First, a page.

Students from Courtenay Language Arts Center visited the MCA’s exhibit and created artwork inspired by Firelei Báez’s art installation “the soft afternoon air as you hold us all in a single death (To breathe full and Free: a declaration, a re-visioning, a correction).” Then, they took their artwork to the Haitian American Museum of Chicago, where they learned more about Haitian history and culture. With guidance from museum staff, students created interactive labels for their artwork and shared their creations.

Both museums found the collaboration beneficial. Carlos Bossard of the Haitian American Museum of Chicago said, “I want to give a huge thank you to CIS of Chicago and the Museum of Contemporary Art for such an amazing collaborative experience. I hope we can continue to partner to bring more dual experiences like this one to create positive, immersive experiences for students.”

And the students were able to learn about history, art, culture, and black, Indigenous people of color. “The trip was engaging, informative, and something they will remember in years to come,” said Olivia Haas, the counselor at Courtenay Language Arts Center.

Illinois Holocaust Museum + Pulitzer Center

This spring, the Illinois Holocaust Museum featured an exhibit on the Negro Motorist Green Book, a travel guide for Black Americans in the 20th century. The Green Book offered critical, life-saving information on places that provided safety and sanctuary during the Jim Crow era of segregation. CIS’ Associate Director of Community Partnerships Karen realized that a visit to the museum’s exhibit could be more impactful if students also participated in the Pulitzer Center’s Visit the Classroom program.

For schools that scheduled the Illinois Holocaust Museum field trip, Karen encouraged them to connect with a journalist through the Pulitzer Center who wrote about Sundown Towns, or places that discriminated against people of color through the threat or use of violence. These experiences allowed students to understand racial injustice through film, photographs, and oral histories — and connect those artifacts to the racial discrimination still happening today.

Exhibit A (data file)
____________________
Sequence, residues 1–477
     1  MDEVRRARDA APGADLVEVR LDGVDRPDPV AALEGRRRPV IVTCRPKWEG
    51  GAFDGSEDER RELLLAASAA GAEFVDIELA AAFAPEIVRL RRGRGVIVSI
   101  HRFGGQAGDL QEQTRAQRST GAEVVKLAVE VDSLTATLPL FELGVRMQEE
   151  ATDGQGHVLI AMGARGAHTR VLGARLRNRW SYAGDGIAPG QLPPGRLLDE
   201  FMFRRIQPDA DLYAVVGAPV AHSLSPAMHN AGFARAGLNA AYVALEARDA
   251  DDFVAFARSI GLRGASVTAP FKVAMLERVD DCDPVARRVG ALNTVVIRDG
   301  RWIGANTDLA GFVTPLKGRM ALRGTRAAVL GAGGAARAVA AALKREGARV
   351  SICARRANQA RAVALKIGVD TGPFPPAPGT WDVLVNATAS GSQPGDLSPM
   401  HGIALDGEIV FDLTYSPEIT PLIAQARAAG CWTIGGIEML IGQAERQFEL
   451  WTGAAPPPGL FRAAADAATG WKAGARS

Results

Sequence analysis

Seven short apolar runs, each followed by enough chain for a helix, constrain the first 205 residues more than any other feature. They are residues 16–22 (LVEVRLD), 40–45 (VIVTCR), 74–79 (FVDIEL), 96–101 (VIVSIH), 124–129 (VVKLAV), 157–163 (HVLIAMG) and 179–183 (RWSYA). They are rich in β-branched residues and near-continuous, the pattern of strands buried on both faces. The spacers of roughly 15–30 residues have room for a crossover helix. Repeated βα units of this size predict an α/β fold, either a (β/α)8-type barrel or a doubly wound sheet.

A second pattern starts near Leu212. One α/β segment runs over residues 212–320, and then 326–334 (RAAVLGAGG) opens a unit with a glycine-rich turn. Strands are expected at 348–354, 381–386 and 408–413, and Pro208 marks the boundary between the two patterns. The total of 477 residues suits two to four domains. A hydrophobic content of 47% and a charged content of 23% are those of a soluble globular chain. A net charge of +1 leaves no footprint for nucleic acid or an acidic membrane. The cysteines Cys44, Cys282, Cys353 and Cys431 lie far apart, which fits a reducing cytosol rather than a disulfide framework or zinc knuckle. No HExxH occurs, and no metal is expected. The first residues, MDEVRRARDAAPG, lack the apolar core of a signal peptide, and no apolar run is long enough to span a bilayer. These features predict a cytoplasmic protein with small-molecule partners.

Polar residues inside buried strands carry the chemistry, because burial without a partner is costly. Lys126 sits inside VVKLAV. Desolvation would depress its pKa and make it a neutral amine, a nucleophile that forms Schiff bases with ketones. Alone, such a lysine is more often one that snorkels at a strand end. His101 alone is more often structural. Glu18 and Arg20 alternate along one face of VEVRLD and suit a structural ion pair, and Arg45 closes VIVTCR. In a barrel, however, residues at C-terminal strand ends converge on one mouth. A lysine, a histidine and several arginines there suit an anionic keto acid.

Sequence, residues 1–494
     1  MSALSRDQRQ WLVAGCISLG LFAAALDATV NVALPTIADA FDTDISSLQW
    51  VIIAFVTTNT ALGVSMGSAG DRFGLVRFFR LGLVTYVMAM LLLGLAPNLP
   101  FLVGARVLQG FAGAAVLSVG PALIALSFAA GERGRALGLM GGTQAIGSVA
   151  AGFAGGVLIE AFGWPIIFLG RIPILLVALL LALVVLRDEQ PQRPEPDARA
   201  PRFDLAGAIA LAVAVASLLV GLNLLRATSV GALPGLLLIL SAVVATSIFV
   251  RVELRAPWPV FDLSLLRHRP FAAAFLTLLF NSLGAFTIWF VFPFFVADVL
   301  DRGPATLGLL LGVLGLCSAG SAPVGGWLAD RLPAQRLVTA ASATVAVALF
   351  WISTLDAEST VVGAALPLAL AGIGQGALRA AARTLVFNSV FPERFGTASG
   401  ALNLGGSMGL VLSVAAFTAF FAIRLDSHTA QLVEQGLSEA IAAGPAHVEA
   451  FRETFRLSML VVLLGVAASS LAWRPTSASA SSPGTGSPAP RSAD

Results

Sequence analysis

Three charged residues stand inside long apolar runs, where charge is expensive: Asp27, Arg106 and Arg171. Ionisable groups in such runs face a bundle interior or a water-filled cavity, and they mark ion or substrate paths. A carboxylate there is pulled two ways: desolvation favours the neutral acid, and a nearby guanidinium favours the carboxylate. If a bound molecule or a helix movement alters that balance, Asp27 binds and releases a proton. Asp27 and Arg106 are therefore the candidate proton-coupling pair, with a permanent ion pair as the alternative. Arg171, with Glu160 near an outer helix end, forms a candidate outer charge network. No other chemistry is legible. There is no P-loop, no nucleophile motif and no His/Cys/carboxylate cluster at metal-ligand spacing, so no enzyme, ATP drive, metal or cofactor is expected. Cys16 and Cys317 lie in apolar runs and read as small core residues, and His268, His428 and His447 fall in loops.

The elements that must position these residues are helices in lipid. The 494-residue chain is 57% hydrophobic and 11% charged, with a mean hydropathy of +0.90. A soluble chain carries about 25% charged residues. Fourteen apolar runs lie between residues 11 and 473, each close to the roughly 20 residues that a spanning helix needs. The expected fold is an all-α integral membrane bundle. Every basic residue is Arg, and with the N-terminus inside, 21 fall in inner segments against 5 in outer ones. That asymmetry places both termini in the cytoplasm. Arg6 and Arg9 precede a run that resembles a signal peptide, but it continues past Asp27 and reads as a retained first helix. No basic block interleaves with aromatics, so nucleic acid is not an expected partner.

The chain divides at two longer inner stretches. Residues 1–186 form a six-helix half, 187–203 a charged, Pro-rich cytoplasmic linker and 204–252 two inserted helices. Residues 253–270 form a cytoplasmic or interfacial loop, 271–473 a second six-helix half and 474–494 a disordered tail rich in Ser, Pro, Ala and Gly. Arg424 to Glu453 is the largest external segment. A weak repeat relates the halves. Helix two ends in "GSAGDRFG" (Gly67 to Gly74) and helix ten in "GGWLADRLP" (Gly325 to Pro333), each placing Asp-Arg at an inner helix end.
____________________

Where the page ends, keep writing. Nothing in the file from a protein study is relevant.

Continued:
With so many successful collaborations happening with CIS’ support, the Community Partnership Team decided to share the learnings from these experiences with the entire community partner network. They hosted a training this spring on how community organizations can collaborate to achieve common goals related to their school-based programming.

During the training, CIS’ Katia presented three ways that community organizations can work together — through sharing resources to expand their reach, through joining together to strengthen their programs, or through collaborating to provide a new program entirely.

“This event was so uplifting and generated great ideas to follow through on. The best part was meeting so many inspiring professionals,” said Liz Falstreau of Rainbows for All Children, one of the training attendees. “I learned how cross-collaborating is an effective way to expand your institutional reach.”

This summer, the Community Partnership Team is continuing to explore ways that CIS’ network can collaborate so that when the next school year begins, Chicago students will be able to expand their horizons, explore their interests, and ultimately, deepen their learning.

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Communities In Schools of Chicago